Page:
Today I saw the wonderful new school and reconnected with many old friends. Marie Carmelle gave me a tour, including the bedrooms which are filled with natural light. The old site had dark shadowy airless closet spaces filled with bunk beds. The new rooms are light and airy, and have shiny tile floors and decorative stone on some of the walls.
Marie Carmelle pointed out to me that there are not enough fans. Only one ceiling fan per room is not enough to circulate the hot air. Don’t I know it, having spent last evening sweating at the guest house.
Bill Craddock came through and promised to have more fans placed by the end of the week. That’s what I call real time solutions. God Bless Bill Craddock!
We also noticed repairmen breaking up a curb and turning the pathway into a smooth access for wheelchairs. Clearly there are active changes still going on to make the place comfortable for the handicapped residents. May I say that the concrete work took place in the 95 degree heat and full sun of the day.
Speaking of heat, have you ever ridden inside a taptap?
Today I asked Mackenson to take me to his apartment which he plans to rent for the coming year. He has moved out of St Vincents, where he grew up, and has found a room near his medical school where he and his grandmother can live. To get to his apartment from Santo 17 takes 3 tap taps. The system is this. You stand at an intersection and wait for the next tap tap to stop. In the US, the taxis line up and you get into the first one in the line. However, the tap taps board from the rear, so you choose the last one in line. You and about 12 other people. My record today was 17 people, counting the lady sitting on the tire between the two rows of seats. When the taptap is moving , all is well because there’s a breeze. But there’s always “blokiss”(traffic) in PortauPrince, so stops are frequent. From inside the taptap you can see everything differently , than from the outside looking in. Another passenger squeezing in where there was no room before. The road ahead of you with layers of people, wheelbarrows. Goats, street vendors. Driving straight down the sidewalk to bypass the traffic.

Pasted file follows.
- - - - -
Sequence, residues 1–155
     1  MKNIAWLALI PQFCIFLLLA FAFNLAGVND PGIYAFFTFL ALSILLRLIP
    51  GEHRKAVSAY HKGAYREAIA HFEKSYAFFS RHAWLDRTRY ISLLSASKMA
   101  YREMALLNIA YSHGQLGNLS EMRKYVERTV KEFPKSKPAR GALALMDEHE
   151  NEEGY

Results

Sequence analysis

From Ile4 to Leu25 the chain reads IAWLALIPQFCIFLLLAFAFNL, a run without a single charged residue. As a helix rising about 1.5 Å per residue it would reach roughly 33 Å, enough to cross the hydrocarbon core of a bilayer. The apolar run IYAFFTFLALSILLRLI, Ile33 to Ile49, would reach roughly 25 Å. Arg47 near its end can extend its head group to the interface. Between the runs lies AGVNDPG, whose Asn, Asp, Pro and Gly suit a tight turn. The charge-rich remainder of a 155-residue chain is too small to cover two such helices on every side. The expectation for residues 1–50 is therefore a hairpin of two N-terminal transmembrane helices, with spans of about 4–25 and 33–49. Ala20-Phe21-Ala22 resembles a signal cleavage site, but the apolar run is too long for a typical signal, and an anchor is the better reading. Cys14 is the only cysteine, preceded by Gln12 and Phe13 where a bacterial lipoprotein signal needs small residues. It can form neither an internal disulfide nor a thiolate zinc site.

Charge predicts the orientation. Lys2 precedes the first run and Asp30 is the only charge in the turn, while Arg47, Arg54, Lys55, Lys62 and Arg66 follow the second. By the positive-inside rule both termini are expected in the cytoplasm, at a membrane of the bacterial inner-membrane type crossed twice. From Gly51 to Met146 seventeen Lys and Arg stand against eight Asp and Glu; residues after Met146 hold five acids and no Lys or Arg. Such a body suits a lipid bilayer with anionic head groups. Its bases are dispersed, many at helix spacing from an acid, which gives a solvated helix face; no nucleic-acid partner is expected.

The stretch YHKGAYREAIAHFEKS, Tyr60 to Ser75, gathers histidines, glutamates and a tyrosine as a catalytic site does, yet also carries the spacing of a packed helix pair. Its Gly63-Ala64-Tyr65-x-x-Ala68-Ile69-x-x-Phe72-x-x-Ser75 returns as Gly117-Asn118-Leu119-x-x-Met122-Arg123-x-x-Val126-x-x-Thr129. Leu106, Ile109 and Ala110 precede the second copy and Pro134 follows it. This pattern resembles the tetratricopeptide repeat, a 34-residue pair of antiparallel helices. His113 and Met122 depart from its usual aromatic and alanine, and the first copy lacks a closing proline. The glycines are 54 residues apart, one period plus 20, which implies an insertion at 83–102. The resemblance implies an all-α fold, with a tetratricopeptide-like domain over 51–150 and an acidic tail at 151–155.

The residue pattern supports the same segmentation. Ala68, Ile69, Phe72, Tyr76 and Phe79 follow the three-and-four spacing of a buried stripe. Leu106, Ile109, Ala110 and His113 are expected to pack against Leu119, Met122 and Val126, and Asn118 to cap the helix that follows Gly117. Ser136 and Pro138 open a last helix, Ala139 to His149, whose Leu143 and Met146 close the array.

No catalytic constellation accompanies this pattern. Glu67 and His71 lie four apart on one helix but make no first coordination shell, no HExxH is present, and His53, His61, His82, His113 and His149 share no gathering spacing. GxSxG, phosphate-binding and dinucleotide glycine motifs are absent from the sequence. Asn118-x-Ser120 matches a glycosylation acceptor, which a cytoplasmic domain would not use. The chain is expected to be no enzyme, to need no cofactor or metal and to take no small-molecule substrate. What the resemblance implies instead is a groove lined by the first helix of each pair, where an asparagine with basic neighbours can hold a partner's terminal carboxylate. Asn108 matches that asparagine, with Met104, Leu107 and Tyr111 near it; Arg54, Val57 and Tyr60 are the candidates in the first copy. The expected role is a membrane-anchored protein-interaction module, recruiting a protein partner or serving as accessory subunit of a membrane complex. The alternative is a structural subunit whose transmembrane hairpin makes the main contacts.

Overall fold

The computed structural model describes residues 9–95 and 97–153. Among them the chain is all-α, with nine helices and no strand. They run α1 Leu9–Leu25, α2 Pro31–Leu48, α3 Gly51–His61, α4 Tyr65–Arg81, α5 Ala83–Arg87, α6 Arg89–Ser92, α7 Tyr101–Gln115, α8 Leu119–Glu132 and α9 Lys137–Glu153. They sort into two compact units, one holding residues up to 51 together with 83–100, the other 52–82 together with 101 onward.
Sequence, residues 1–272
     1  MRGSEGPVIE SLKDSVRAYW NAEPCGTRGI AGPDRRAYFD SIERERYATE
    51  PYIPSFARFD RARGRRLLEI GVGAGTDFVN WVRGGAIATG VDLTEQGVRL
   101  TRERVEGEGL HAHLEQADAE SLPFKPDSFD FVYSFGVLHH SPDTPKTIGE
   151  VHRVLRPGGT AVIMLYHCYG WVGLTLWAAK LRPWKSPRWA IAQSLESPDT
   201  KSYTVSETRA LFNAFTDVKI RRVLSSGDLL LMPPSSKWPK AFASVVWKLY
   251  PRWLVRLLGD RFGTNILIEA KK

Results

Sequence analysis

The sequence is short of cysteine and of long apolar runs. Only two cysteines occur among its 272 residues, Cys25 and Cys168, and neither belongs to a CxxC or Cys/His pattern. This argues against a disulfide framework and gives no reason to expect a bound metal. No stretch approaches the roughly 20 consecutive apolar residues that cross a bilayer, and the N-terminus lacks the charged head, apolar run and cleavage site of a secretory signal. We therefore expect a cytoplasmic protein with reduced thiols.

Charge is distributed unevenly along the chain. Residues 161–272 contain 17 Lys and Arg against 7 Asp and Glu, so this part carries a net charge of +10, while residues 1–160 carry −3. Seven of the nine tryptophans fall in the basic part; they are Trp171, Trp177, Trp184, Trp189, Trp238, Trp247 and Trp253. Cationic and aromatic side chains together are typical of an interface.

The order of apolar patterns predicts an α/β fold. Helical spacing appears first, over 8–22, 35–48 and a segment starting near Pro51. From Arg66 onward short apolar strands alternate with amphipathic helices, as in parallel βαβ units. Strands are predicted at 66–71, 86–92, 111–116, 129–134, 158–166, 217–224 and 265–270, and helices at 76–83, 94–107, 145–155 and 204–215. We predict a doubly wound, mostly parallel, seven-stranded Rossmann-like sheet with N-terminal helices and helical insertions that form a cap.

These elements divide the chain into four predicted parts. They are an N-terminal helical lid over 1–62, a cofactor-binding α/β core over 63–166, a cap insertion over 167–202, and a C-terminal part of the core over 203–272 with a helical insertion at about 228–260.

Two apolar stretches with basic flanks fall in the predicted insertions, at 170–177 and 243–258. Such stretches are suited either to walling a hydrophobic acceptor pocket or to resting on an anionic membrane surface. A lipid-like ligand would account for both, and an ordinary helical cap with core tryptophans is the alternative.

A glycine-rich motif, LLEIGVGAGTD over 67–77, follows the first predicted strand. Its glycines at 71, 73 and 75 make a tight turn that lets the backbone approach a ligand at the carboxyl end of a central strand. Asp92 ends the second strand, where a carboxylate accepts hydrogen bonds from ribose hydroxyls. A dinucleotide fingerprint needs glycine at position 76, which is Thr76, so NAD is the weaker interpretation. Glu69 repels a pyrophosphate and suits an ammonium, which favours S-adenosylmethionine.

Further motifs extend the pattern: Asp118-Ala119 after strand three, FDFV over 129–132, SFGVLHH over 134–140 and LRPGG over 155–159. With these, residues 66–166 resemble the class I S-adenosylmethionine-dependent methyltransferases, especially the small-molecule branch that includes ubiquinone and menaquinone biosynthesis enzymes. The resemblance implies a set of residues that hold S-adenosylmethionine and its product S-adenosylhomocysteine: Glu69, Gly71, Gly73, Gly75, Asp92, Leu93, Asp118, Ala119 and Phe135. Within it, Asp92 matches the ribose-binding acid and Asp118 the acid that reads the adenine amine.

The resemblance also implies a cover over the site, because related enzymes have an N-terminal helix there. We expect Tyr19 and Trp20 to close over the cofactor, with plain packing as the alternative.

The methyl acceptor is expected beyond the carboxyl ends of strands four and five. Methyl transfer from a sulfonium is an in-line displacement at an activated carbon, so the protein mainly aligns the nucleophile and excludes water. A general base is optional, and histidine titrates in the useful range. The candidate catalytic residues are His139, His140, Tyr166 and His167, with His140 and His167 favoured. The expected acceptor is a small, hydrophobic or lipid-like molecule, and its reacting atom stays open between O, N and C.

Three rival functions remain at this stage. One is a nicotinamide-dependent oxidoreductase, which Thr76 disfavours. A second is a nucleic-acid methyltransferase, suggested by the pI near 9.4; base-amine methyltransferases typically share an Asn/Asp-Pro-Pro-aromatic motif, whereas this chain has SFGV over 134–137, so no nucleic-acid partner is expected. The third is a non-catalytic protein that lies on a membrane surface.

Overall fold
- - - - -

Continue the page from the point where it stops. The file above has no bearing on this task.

We ride on one street as far as we want to go and then get off at another intersection to catch the next taptap going down the cross-street. Repeat, until you arrive at your destination, or at least within walking distance. We walked about ten minutes and found his “apartment” which is one room about 8×10, with an adjoining room about 8×4. He said that would be his dining room.
It was fun to spend the day with this intelligent young man and hear his plans for the future. He wants to be a doctor and help his people, especially handicapped people. He has to learn how to live on a budget , buy food, and all the things he never had to think about while living at St Vincents
Returning the same route we came, the bonus was the last taptap which had loudspeakers inside the passenger area blasting Haitian rap music.
Entire round trip: 4 hours.
Well, the power just went out at the guest house, so the fans are off completely.
We had a big thunderstorm this evening, the Haitian kind where the sound of the rain drowns out all conversation or any other activity. It requires that you stop whatever you doing and listen to the power of the storm
I’ll leave this now. I hope I have given you a taste of an insiders view of life in Haiti from one American who loves it all.